Lauri hurried past them, her butler following after. They went straight for the strange boys by the balcony doors. A crushing silence fell upon the room.
“What do you think you’re doing here? This is a Postremo party. Who the hell are you, anyway?”
“We came with Lief. That boy, the one dancing.”
“I know who Lief is, and I don’t care if you came with him or not. This is a Postremo party, and it is by invitation only!”
“We aren’t trying to cause any trouble.”
“Wilfred, show them the way out, please!”
“Come on, boys, you heard the young lady. Don’t make me involve the Constabulary. Let’s go.”
The Bandon’s butler led the unwanted visitors through the crowded great room, opened the lift doors, and shoved them in. Though not too violently. For that was the way of Ocean City, and that was the future of the New World.
Violence was never the answer.
Even the Constabulary peace officers carried nothing more violent than a small club.
Lauri scuttled past the bar again, muttering: “Think they can let themselves into any old party. Unbelievable!” She shouted at the doorman for letting them in, and he insisted he hadn’t seen them enter, but apologized deeply for his error all the same.
“Maybe we should get going,” said Darien.
“I only just got here,” Taylor complained.
“Well, we should at least move somewhere less for-all-to-see then.”
“Fine,” she said, a little annoyed, and quickly losing hope of stirring up remorse in Chad Michaels.
Darien took her arm and led them across the great room, along the edge of the dance floor and out the glass doors to the balcony. Pulling the curtains back across, he safely secluded them from the eyes of Lauri Bandon. And from Chad.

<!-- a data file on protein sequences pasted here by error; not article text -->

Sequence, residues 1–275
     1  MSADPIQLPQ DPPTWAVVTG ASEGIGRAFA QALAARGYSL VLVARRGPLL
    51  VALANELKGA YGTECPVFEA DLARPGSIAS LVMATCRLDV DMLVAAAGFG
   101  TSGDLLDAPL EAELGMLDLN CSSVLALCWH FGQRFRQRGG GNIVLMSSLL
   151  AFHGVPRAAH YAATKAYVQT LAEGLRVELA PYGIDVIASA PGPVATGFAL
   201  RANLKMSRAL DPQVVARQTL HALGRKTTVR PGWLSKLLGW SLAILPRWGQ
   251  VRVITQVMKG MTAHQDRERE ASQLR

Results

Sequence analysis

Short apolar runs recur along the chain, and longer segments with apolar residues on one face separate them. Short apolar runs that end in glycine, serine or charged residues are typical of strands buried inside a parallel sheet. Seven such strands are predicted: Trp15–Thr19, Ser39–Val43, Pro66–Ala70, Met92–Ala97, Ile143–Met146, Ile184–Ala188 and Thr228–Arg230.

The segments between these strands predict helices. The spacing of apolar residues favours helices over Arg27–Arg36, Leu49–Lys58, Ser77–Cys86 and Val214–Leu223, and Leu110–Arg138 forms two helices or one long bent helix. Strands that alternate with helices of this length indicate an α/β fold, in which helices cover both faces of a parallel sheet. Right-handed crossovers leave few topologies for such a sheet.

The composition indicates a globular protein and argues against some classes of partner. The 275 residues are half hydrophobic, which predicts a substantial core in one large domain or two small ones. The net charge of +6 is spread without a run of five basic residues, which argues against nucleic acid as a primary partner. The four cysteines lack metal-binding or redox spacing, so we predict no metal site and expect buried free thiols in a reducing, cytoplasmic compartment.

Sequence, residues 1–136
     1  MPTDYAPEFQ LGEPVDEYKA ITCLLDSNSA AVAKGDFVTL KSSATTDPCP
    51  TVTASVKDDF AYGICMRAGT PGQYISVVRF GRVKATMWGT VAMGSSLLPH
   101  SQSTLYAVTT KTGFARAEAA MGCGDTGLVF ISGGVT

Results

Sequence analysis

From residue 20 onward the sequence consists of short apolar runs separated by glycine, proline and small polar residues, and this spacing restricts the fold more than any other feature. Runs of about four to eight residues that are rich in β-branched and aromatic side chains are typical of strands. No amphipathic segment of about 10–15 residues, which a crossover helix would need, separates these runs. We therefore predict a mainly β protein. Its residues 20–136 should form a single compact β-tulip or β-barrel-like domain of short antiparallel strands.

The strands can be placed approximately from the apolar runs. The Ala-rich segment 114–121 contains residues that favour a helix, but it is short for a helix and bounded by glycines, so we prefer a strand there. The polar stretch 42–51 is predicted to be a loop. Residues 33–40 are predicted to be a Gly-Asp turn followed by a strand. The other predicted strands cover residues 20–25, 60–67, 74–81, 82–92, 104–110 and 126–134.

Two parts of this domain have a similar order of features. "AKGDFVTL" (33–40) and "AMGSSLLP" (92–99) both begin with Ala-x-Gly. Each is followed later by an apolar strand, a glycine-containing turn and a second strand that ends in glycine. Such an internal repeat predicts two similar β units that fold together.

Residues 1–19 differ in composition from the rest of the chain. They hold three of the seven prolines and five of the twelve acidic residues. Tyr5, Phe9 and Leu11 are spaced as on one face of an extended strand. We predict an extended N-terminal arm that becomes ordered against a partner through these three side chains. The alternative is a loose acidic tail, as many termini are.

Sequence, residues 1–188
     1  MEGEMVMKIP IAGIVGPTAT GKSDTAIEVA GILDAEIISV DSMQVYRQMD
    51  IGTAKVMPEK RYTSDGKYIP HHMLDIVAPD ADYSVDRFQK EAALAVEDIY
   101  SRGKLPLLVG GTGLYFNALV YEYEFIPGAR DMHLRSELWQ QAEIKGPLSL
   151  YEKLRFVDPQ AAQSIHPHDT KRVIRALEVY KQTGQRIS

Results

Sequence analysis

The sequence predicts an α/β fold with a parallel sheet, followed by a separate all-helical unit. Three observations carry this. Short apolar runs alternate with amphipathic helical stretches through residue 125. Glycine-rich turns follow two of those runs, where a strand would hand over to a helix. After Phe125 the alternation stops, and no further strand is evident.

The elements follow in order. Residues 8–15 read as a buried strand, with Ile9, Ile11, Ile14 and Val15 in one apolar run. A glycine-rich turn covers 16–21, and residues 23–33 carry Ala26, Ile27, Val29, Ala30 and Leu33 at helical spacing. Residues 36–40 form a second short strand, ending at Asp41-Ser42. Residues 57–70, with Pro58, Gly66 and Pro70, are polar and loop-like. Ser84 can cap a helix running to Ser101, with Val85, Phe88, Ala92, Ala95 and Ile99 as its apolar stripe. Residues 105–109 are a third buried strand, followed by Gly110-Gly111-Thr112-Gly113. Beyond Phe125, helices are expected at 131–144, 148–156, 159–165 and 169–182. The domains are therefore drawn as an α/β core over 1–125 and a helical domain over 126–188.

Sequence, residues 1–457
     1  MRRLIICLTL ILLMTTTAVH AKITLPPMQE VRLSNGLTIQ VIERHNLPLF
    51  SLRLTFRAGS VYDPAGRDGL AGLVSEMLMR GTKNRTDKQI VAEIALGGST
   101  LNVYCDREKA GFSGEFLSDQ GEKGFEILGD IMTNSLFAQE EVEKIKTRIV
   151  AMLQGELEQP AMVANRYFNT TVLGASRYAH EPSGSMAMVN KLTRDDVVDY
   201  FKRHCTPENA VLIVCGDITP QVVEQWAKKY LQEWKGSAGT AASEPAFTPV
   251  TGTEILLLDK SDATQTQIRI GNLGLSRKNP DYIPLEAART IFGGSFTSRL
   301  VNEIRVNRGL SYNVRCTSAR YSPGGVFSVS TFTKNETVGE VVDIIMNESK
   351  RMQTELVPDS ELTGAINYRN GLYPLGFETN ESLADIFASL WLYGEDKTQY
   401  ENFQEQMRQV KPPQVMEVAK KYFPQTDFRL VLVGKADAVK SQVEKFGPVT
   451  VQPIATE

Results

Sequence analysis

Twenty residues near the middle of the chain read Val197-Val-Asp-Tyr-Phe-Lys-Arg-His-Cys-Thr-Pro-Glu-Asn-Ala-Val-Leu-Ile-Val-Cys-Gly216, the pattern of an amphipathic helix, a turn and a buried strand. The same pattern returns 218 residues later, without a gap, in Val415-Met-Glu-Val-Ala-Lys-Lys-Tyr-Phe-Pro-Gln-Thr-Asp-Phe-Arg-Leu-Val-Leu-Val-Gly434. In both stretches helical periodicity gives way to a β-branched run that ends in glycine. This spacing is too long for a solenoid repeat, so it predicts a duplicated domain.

Perhaps it was best.
Taylor leaned out over the balustrade taking in the cool wisps of night air. The fog was creeping up from the Sound into the Ocean City harbor. The moon illuminated the waterfront in a lovely silver glow. If not for the chill, it was a beautiful, romantic sort of night.
Not long ago, she would have been out here with Chad Michaels. He would have nipped playfully at her lips, and she would have nipped back, and lingered, and then taken him all in — his sweet lips, his mussed up athlete’s hair, his muscular neck…
But Taylor had lost her charm with Chad as well.
“So you going to tell me what this is all about?” said Darien.
“What what is all about?”
Darien eyed her up and down, smiling. “You, here, looking like that.”
“It’s nothing, it’s stupid.”
“No, he’s stupid,” said Darien. “You’re not… trying to win him back or something, are you?”
“God, no. I just… I wanted him to regret it a little. Wanted to feel like the decision was as much mine as his. It was stupid, I don’t need you to tell me.”
“Well, then I won’t.” Darien put his arm around her shoulder and scooted closer. The wind swept through his golden-red hair, ruffled his shirt to define strong muscles.
Taylor missed the way things had been. Back when her life was together, her family together. When her best friends were still colonial-borns, but it was by her choice. Before encounters with Sophia had become awkward. Before someone like Chad Michaels had helped her feel less lonely. Before everything changed.
Before the tragedy.
“Why’d you come here, Darien?”
His eyes were warm, a semblance of sadness and love. He gave her a half-smile that said, You know I’m here for you.
Darien was never one for heartfelt words. The things he felt were stowed behind locked doors inside him, but they shone through in his eyes, his gestures, his risking public embarrassment to be here with her.
However, Darien’s inward nature was not the reason he never answered why he’d snuck into Lauri Bandon’s penthouse party.
Noise from the great room blared suddenly and out stumbled a lip-locked couple, hands exploring each other’s bodies, tongues imitating the sounds of waves crashing.
Darien cleared his throat.
And Taylor gasped.
Chad Michaels jerked away from the girl, nearly dropping her to the ground.